nScrypt presents conformal 3D printing for irregularly shaped electronics


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Florida-based microdosing specialist nScrypt has announced its latest innovation in additive manufacturing: the ability to 3D print multi-axis electronics onto curved and irregular surfaces.

With its SmartPump micro-dispensing tool head, the company demonstrated the new capability by 3D printing its own n-shaped logo on a computer mouse.

The achievement means that nScrypt systems will now be able to conformally 3D print electronic parts such as circuit connections, antennas, strain gauges and sensors directly onto substrates of any shape. The company expects to find new uses for implantable medical devices, UAVs, sensor systems, helmets, wearables and more.

Dr. Ken Church, CEO of nScrypt, explains: “These new features allow our customers to throw an object like a mouse or a coke bottle into our machine and print it with multiple axes in minutes, not days, conforming to the surface in a minimum Workload. The applications of printed electronics are groundbreaking and practically unlimited. “

The nScrypt factory in one tool portfolio

nScrypt has made a name for itself in the field of microdosing with its extensive range of Factory in a Tool (FiT) 3D printers, which include the 3Dn series, the 3Dn DDM series and the nRugged system. FiT systems leverage multi-head tool change technology and are designed to serve as an all-in-one manufacturing machine, providing users with 3D printing, milling, polishing, pick-and-place, and post-processing capabilities.

Each of the machines is compatible with the company’s entire tool head suite, including the SmartPump, making them well suited for manufacturing in sectors such as electronics, defense, aerospace, energy, bioprinting, and more.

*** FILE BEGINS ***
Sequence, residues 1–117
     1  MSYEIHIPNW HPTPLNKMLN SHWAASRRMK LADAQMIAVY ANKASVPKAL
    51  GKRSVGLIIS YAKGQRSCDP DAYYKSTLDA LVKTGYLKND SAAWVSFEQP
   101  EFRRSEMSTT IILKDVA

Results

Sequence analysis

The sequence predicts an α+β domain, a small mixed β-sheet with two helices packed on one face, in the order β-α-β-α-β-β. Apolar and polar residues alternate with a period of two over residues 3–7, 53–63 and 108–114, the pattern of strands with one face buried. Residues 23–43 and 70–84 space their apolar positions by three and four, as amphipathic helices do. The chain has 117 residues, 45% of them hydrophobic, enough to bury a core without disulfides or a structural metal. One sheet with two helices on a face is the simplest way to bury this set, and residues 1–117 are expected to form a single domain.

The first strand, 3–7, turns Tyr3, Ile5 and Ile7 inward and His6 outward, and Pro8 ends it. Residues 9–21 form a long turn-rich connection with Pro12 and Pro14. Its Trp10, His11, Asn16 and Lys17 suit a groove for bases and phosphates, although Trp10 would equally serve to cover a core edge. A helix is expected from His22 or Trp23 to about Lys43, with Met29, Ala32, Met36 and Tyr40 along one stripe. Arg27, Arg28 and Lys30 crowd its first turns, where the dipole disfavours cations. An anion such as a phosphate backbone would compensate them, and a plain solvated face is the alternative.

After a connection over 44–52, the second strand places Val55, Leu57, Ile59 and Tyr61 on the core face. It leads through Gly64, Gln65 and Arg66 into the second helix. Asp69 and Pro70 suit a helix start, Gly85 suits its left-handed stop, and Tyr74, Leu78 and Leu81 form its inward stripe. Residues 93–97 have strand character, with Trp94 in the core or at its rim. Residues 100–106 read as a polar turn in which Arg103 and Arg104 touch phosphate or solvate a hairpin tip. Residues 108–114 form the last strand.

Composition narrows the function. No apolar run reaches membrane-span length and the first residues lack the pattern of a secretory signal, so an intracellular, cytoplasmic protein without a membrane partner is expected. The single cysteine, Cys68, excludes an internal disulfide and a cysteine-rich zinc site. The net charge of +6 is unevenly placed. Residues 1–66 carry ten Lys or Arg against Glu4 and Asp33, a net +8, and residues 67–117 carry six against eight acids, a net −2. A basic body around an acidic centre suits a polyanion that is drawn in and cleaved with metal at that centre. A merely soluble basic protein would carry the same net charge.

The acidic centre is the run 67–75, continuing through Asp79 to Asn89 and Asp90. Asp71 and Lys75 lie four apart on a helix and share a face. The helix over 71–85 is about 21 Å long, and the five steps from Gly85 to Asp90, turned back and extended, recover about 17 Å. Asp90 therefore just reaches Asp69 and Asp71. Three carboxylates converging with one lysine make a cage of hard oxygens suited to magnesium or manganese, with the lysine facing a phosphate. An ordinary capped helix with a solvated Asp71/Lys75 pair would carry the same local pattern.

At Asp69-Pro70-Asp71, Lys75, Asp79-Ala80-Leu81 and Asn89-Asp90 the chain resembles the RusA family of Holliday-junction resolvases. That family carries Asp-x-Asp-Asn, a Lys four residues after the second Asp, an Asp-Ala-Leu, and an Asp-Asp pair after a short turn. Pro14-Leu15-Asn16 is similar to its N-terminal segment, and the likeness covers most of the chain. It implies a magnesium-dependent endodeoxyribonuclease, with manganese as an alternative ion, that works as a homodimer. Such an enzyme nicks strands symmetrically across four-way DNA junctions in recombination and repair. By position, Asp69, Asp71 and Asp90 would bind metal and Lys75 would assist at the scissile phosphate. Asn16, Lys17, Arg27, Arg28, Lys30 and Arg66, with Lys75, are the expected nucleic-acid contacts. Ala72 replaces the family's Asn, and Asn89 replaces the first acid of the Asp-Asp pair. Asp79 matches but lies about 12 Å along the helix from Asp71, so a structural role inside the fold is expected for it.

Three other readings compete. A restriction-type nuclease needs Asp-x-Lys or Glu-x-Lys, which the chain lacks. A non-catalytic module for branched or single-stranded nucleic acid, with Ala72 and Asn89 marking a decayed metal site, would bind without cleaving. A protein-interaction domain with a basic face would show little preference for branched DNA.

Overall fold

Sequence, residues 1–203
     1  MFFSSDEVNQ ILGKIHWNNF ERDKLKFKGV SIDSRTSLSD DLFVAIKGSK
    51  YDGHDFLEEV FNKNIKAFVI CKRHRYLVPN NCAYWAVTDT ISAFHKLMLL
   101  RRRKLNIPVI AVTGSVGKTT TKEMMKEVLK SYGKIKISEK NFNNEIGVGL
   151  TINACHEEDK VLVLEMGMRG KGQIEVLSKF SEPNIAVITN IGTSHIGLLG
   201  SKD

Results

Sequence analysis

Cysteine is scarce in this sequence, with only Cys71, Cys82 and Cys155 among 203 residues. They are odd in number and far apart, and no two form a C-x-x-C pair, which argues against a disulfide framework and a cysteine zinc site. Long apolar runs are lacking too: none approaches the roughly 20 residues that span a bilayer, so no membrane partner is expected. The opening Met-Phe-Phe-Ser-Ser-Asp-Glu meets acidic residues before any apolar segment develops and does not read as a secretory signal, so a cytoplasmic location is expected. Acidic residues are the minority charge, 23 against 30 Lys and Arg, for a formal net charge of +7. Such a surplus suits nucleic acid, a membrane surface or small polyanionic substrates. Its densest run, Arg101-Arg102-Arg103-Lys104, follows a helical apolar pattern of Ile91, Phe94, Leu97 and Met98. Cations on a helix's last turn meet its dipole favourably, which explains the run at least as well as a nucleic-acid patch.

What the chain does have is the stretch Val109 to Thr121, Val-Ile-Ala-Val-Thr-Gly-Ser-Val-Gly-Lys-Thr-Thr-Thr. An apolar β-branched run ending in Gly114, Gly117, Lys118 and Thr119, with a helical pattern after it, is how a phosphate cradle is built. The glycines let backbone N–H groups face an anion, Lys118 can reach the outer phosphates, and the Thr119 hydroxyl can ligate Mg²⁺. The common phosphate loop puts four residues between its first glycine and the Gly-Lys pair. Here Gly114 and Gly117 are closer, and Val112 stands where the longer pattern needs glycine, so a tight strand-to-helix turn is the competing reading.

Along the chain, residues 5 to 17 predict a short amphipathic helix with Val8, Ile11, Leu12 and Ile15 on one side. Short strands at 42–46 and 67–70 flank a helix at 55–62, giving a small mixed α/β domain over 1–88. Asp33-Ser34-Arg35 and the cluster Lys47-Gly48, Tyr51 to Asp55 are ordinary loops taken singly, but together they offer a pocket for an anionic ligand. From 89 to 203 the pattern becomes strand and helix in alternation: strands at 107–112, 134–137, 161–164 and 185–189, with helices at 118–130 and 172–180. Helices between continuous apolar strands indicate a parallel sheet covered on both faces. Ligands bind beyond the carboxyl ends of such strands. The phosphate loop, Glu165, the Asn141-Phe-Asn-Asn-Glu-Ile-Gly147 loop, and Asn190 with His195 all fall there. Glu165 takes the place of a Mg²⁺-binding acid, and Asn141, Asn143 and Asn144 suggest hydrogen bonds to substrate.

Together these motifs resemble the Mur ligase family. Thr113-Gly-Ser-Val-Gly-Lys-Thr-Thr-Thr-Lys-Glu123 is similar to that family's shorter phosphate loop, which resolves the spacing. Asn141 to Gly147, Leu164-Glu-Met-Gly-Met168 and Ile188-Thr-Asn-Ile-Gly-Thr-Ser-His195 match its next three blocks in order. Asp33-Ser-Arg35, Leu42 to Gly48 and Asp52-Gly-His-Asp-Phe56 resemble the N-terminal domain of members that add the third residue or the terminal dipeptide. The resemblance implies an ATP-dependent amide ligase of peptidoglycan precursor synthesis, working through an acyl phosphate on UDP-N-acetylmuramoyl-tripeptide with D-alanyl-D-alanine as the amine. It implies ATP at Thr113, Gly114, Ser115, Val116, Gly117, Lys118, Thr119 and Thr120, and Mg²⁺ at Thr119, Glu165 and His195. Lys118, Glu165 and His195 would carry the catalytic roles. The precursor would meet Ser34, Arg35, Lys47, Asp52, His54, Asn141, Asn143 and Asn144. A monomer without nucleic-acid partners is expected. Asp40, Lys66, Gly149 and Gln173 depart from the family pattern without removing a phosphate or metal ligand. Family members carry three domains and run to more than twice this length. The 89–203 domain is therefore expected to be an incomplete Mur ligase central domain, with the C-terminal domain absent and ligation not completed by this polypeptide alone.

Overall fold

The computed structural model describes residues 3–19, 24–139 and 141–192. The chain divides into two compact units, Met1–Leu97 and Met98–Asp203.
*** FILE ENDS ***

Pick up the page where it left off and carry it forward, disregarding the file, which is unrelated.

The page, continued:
Earlier this year, in March, nScrypt reached 6-axis 3D printing with its 3Dn-Axis FiT 3D printer, which gives users a new level of geometric control when designing parts. For this purpose, three additional axes of movement have been integrated into the machine: the RS axis for rotating the tool head, the RT axis for tilting the tool head and the RR axis for rotating the print bed.

Recently, the company also released its new 3D printing machine control software, nStudio. As the next generation of nScrypt’s older software offering, nStudio comes with several advanced features such as an option to stop after scanning, improved ROI scan path speed and a new graduated cylinder tool.

NScrypt’s nRugged 3D printer (pictured) was specially developed for use in hostile environments. Photo via nScrypt.

Compliant 3D printing with the SmartPump

To demonstrate the new compliant 3D printing capabilities, the nScrypt team first scanned the surface of the mouse to create a mesh. Then the company’s nStudio software was used to project a DXF file onto the mesh and calculate the surface normals. The software layered the path scanning over the calculated surface normals and ensured that the distance remained constant over the entire projected tool path.

Just before the nScrypt logo was printed on the mouse, the team applied filters to the scan and paths to ensure there were no visible layer lines on the printed logo, resulting in a perfect, microdosed “n” on the mouse led.

The compliant 3D printing feature has been incorporated into three of the nScrypt systems: the 3Dx-700 (3Dn-axis), the 5-axis trunnion table top, and the 3Dn-4-axis option.

The nScrypt logo printed on a mouse.  Photo via nScrypt.
The nScrypt logo printed on a mouse. Photo via nScrypt.

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The picture shown shows the 3Dn-1000 3D printer. Photo via nScrypt.


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